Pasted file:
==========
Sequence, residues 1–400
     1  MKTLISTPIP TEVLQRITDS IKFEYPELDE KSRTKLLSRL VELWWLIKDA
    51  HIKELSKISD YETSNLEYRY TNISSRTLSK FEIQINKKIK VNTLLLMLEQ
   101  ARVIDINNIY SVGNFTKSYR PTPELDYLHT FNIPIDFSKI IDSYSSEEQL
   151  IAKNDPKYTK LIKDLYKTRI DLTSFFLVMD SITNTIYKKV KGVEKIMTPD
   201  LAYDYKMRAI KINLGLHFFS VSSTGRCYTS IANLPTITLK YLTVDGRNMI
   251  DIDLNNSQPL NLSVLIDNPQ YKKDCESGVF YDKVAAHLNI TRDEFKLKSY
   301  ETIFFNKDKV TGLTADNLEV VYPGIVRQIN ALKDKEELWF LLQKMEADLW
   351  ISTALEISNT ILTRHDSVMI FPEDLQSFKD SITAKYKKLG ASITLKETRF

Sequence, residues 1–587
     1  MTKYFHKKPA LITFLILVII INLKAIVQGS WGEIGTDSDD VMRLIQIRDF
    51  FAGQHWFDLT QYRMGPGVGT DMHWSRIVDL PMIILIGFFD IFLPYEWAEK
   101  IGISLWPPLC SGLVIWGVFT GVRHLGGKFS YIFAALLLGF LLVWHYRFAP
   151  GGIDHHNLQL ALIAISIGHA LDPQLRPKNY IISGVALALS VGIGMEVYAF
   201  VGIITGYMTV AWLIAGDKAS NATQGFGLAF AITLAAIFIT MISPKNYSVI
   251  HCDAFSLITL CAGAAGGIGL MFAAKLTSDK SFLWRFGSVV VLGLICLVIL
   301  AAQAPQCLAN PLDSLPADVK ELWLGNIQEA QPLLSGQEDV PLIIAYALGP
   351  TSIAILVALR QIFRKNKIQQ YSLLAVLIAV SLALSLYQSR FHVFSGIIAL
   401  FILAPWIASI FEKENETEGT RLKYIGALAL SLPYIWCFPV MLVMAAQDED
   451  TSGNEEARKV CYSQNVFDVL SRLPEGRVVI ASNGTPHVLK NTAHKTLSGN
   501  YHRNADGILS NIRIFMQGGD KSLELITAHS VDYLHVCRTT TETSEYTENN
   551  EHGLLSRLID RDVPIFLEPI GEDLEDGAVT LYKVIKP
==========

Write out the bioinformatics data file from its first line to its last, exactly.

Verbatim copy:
Sequence, residues 1–400
     1  MKTLISTPIP TEVLQRITDS IKFEYPELDE KSRTKLLSRL VELWWLIKDA
    51  HIKELSKISD YETSNLEYRY TNISSRTLSK FEIQINKKIK VNTLLLMLEQ
   101  ARVIDINNIY SVGNFTKSYR PTPELDYLHT FNIPIDFSKI IDSYSSEEQL
   151  IAKNDPKYTK LIKDLYKTRI DLTSFFLVMD SITNTIYKKV KGVEKIMTPD
   201  LAYDYKMRAI KINLGLHFFS VSSTGRCYTS IANLPTITLK YLTVDGRNMI
   251  DIDLNNSQPL NLSVLIDNPQ YKKDCESGVF YDKVAAHLNI TRDEFKLKSY
   301  ETIFFNKDKV TGLTADNLEV VYPGIVRQIN ALKDKEELWF LLQKMEADLW
   351  ISTALEISNT ILTRHDSVMI FPEDLQSFKD SITAKYKKLG ASITLKETRF

Sequence, residues 1–587
     1  MTKYFHKKPA LITFLILVII INLKAIVQGS WGEIGTDSDD VMRLIQIRDF
    51  FAGQHWFDLT QYRMGPGVGT DMHWSRIVDL PMIILIGFFD IFLPYEWAEK
   101  IGISLWPPLC SGLVIWGVFT GVRHLGGKFS YIFAALLLGF LLVWHYRFAP
   151  GGIDHHNLQL ALIAISIGHA LDPQLRPKNY IISGVALALS VGIGMEVYAF
   201  VGIITGYMTV AWLIAGDKAS NATQGFGLAF AITLAAIFIT MISPKNYSVI
   251  HCDAFSLITL CAGAAGGIGL MFAAKLTSDK SFLWRFGSVV VLGLICLVIL
   301  AAQAPQCLAN PLDSLPADVK ELWLGNIQEA QPLLSGQEDV PLIIAYALGP
   351  TSIAILVALR QIFRKNKIQQ YSLLAVLIAV SLALSLYQSR FHVFSGIIAL
   401  FILAPWIASI FEKENETEGT RLKYIGALAL SLPYIWCFPV MLVMAAQDED
   451  TSGNEEARKV CYSQNVFDVL SRLPEGRVVI ASNGTPHVLK NTAHKTLSGN
   501  YHRNADGILS NIRIFMQGGD KSLELITAHS VDYLHVCRTT TETSEYTENN
   551  EHGLLSRLID RDVPIFLEPI GEDLEDGAVT LYKVIKP